Going into every baseball season most bettors have a list - either formally or just loosely in their minds - of some guys they expect to pitch well and deliver value and others they don't expect much from. Making those lists is an inexact science, so inevitably there will be guys every year who were on the wrong list - or who were on no list and should obviously, in hindsight, have been. It's very early in the season this year - the most active pitchers only have four starts to their credit - so we can't jump to any conclusions yet. By most measures, though, you would have to say that these five guys are exceeding the expectations people had for them - if people bothered to have any expectations about them at all.
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Jon Niese, Pittsburgh Pirates: I guess you could argue that the Pirates had some high-ish hopes for Niese after trading Neil Walker to the Mets for him in the offseason. Walker is grossly overpaid in my eyes, though, so I don't think there was a ton of value in the trade. Regardless, I wasn't looking for much from Niese after three mediocre seasons in a row - he was 26-29 from 2013-15 over 83 starts. So far he has actually been pretty solid. Surprisingly so. He has improved significantly in each outing, and his last start against the Brewers was just plain good. Most significantly, he has two wins and the team has won all three of his starts. I don't see it lasting, but I would consider riding the heat for a while.
Chad Bettis, Colorado Rockies: Bettis started 20 games for the Rockies last year and was serviceable - which is a massive compliment for a Rockies pitcher. He has shown a whole new level of confidence so far in his three starts this season, though. His first outing at Arizona was a bit rough, and the team lost the game. In his last two, though, he has allowed just nine hits and one earned run in 13 innings, and he has struck out 10 while walking just three. Most significantly, the last start was at the Cubs, and it came with the Rockies as a massive +214 underdog. Bettis almost single-handedly won the game. He only needs to do that kind of thing a couple more times this year to make bettors really happy about noticing him.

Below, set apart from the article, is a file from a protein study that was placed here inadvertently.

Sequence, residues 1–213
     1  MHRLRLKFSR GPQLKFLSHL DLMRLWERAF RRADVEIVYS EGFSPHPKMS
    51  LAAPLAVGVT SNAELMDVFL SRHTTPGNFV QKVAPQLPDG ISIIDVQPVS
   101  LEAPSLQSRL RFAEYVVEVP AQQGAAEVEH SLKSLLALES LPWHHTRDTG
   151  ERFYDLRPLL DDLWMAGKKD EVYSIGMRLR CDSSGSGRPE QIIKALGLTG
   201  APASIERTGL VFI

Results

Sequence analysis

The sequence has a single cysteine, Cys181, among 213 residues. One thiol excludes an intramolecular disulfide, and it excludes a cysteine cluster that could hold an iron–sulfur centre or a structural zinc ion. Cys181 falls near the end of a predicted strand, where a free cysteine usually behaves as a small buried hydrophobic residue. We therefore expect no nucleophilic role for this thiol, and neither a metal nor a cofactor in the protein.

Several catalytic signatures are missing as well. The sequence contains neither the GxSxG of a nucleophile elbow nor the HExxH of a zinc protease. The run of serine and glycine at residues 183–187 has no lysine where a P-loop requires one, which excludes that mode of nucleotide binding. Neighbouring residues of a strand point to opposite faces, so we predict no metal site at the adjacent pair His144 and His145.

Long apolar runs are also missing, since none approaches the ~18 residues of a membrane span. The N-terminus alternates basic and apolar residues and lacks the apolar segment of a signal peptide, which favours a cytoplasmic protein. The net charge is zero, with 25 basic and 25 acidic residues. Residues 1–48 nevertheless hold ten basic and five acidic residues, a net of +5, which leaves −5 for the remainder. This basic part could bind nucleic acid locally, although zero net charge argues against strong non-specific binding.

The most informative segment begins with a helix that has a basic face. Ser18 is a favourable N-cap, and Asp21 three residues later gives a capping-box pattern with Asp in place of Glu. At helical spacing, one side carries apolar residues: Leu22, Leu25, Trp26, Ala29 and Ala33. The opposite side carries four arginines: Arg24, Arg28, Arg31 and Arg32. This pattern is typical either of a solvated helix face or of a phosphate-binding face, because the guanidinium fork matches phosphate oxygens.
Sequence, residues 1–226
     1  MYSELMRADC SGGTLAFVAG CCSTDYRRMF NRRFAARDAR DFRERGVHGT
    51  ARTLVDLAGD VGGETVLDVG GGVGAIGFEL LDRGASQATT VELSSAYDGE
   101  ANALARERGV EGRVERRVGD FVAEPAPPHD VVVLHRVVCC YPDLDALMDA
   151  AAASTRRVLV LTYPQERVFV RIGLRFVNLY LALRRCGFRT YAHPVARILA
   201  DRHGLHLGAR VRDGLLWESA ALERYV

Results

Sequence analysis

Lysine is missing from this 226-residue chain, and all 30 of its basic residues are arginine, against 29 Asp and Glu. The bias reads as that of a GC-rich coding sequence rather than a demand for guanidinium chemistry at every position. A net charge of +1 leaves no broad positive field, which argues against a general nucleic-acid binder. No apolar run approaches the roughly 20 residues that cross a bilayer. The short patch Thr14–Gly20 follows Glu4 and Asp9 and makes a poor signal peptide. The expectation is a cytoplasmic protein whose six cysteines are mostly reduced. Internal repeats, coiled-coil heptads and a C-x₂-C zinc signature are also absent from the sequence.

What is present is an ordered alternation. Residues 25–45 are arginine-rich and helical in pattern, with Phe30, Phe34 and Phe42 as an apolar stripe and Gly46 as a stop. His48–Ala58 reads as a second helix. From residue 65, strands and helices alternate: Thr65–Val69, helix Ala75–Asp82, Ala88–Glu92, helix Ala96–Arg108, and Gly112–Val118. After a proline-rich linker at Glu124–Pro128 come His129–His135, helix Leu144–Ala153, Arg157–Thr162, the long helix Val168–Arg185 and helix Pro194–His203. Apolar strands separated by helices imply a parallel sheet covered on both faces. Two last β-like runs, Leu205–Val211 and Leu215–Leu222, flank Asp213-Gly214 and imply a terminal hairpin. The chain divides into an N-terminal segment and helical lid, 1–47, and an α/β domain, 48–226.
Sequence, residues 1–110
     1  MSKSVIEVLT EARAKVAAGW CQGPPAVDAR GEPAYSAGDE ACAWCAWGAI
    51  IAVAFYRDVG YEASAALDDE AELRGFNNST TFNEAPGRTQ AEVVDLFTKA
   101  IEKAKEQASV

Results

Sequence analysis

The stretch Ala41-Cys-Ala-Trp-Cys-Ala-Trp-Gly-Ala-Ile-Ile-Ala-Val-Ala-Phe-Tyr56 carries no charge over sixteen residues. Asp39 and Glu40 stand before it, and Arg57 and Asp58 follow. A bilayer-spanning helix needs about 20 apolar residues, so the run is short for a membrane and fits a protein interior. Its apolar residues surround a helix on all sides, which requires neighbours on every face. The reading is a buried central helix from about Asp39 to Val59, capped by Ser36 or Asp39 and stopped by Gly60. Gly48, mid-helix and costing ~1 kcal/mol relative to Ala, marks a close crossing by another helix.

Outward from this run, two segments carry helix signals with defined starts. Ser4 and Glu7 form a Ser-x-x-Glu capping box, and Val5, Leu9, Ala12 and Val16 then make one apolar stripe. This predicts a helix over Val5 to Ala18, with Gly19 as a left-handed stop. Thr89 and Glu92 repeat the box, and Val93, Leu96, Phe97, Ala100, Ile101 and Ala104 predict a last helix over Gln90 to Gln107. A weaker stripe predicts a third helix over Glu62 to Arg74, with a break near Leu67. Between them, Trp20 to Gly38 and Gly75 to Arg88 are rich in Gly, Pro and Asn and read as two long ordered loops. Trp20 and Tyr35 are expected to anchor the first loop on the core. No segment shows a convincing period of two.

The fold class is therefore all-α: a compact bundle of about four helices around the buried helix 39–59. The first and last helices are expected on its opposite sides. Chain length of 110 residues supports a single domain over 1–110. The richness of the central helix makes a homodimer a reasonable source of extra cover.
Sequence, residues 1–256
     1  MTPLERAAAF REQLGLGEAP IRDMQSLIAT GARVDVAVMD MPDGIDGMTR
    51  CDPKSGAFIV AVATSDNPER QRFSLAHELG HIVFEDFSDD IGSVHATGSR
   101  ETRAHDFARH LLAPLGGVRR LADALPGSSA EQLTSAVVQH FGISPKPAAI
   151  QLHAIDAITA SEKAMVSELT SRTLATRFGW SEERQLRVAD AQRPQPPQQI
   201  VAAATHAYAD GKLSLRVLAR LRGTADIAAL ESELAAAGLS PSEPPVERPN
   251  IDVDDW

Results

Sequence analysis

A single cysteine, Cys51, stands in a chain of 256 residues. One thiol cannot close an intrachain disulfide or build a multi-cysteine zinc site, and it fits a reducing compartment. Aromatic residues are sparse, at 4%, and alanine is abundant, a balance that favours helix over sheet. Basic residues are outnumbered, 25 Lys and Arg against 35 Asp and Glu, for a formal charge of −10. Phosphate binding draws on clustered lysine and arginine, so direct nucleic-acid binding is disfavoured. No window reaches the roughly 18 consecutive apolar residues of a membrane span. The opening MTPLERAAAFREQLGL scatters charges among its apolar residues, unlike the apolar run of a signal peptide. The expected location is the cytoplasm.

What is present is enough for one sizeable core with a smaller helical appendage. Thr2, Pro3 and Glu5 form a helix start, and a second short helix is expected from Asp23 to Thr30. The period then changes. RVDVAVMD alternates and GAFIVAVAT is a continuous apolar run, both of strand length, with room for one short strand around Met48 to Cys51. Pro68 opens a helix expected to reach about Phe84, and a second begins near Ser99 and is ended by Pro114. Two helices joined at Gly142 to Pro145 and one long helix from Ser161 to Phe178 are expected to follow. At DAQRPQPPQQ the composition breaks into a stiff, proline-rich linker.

Tyler Chatwood, Colorado Rockies: Bettis isn't the only Rockies pitcher on this list, and that seemed almost impossible heading into this season. Chatwood is coming back from Tommy John surgery and hasn't pitched since making four starts at the beginning of the 2014 season. Like Bettis, he has had two strong starts in three outings. He was beat up by the Giants at home but has won as a big underdog at Arizona (+135) and the Cubs (+210). Like Bettis, he has allowed only one earned run combined in his two strong starts while eating up 13.1 innings. Even when he was lousy against the Giants he still went through the sixth, saving his bullpen from excess wear and tear. It's always hard to know how well a surgically-repaired elbow will hold up, but at this point it seems like Chatwood might have a bit of magic to offer - even if magic is relative because he still plays for a truly lousy team.
Hector Santiago, L.A. Angels: Santiago is one of those totally anonymous guys. He has been a full-time starter the last two years for the Angels and the year before that with the White Sox, yet most casual fans couldn't tell you a single thing about him - or even know that he is alive. There is good reason for that, too - he's only 19-27 over that stretch and doesn't offer a lot of stats to get too excited about. Out of the gate this year, though, he has been useful for bettors. The Angels have won all three of his starts, with the last two coming on the road as mid-sized underdogs. His last outing at the White Sox was a real gem - just two hits over seven innings with 10 strikeouts against just three walks. His record is only 1-0 despite the three solid outings, so he won't leap off the page at casual bettors, either. There could be some short-term value here.
Danny Salazar, Cleveland Indians: Salazar's career has followed an orderly progression in Cleveland. He started 10 games as a rookie in 2013, 20 in 2014 and 23 last year. I don't suspect he'll continue the pattern and start 40 this year. He was a quietly solid 14-10 last year, so he isn't new to delivering bettor value. He is right back at it this year, though. He has started only twice so far but has won both and looked stellar in doing so - in 11.1 innings he has allowed one run on five hits while striking out 16 and walking just six. Even more impressive, the first game was played in perhaps the worst weather seen all season - bitter cold, with intermittent rain that turned into snow at one point. Both wins have been on the road, too - the dream place for a pitcher to shine if he wants to please bettors.
Read more articles by Trevor Whenham
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